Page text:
Seems like you could have had a splash page that explained the project and risks associated with participation, calculated the unique string, calculated the hash, displayed both of these things to the user (along with linked explanations of each element) emphasizing that no data has been submitted to your servers yet and then offered a link that would transmit the hash (and in such a way that users know that only the hash is being sent). Clicking the link would then act as an acknowledgment to participate.

    Maybe you thought that this would affect your results enough that you got exemption from informed consent protocols from the Princeton IRB?

  9. When I clicked on the link I expected to see a page that described the project in further detail and provided additional information about exactly what would be installed on my system. Instead I discovered that I had already become a participant in the survey.

    Freedom to Tinker readers are probably a bit more security savvy than the average bear and would probably choose not to click on questionable links. Most of us probably assume, based on the content of the blog, that we won’t get sucker-punched here. I guess that’s what we call the Circle of Trust. Is that what this survey is *really* about?

    • You can read all the Javascript (which lists all the data collected) here: http://scoop.princeton.edu/scoop.js (it also uses a separate md5 library).

      But I agree, it’s a bit alarming to see it having already taken the data when you click the link, without an additional confirmation.

    • Yeah, from a research ethics point of view, I expected an informed consent statement or a debrief. I expected to see a statement about what data is collected, how it would be used and how it would be stored… along with an impact statement that examined the consequences of a breach. For example, if this database were to fall in the hands of Satan (or choose your favorite bad guy), what would be my exposure?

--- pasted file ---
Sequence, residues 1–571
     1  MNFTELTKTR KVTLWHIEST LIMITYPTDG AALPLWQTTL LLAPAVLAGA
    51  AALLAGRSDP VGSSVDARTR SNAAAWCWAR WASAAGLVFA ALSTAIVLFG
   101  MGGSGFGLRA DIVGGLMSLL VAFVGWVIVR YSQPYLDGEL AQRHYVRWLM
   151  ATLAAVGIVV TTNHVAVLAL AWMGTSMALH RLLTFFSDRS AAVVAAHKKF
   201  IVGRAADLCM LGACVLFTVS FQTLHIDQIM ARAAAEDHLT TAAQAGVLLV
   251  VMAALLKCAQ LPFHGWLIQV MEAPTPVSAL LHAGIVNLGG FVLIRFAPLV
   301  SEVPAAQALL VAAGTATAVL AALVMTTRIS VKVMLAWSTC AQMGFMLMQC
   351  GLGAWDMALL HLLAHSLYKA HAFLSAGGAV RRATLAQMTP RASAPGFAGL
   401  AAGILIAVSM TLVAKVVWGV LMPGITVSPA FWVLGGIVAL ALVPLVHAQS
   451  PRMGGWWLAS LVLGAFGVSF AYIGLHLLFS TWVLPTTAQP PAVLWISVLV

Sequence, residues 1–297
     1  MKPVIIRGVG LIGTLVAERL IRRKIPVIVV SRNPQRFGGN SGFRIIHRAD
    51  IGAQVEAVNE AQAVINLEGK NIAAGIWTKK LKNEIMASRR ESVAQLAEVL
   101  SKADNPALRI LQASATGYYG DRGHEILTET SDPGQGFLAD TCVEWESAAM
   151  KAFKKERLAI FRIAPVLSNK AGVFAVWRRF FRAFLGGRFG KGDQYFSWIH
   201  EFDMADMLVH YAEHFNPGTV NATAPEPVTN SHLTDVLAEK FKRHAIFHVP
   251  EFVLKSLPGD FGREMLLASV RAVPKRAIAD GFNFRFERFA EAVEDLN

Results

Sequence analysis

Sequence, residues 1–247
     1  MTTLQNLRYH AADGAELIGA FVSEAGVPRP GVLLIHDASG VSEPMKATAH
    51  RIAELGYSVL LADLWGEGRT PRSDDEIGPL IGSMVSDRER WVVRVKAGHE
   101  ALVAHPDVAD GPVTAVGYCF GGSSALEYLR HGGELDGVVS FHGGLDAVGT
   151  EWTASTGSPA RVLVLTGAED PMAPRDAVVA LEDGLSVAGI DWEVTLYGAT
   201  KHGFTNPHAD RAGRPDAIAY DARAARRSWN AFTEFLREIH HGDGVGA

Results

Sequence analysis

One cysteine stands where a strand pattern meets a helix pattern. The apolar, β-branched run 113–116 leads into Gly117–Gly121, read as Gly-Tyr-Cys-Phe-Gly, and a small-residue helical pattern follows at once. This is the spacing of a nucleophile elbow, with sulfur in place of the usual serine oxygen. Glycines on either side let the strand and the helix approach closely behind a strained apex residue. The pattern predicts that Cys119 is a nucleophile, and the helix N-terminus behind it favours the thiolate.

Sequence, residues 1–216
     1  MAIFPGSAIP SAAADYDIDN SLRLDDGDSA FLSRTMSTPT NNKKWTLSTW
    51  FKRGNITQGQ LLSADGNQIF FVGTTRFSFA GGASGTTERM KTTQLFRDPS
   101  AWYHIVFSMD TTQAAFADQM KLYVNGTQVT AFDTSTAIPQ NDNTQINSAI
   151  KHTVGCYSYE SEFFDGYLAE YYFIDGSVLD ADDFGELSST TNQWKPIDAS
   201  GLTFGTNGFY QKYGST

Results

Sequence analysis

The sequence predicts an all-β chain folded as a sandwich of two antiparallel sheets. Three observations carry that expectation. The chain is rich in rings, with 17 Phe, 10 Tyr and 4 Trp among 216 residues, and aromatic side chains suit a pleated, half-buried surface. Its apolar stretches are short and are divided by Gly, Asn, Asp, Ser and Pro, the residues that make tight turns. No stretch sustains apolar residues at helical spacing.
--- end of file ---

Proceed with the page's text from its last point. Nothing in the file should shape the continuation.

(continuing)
10. You make me nervous… it’s sneaky to put it at princeton.edu as if it makes you more trustworthy. But I read this blog because I trust it, so whatever.

  11. Of course, my first thought is there’s a certain selection bias just in the fact that you’re mentioning it on here, as you tend to attract a particular crowd. Which then gets modified by the comments above, as I expect the crowd you attract is likely to be among the more paranoid browsers.

  12. I’m even paranoid of clicking the link. What if that’s the real test. To see how many people will follow a blind link that could lead them heaven’s knows where…

    Well, I’m only paranoid enough to think of it. I will actually click it and help out.

  13. no informed consent?

  14. The truly secure (paranoid?) surf with javascript disabled.

    Is it helpful to the survey if users whitelist the survey site and permit the cookie? Or would that act intrinsically skew your data?

    At least such NoScript users are already well accustomed to spending more than one click on a website. 🙂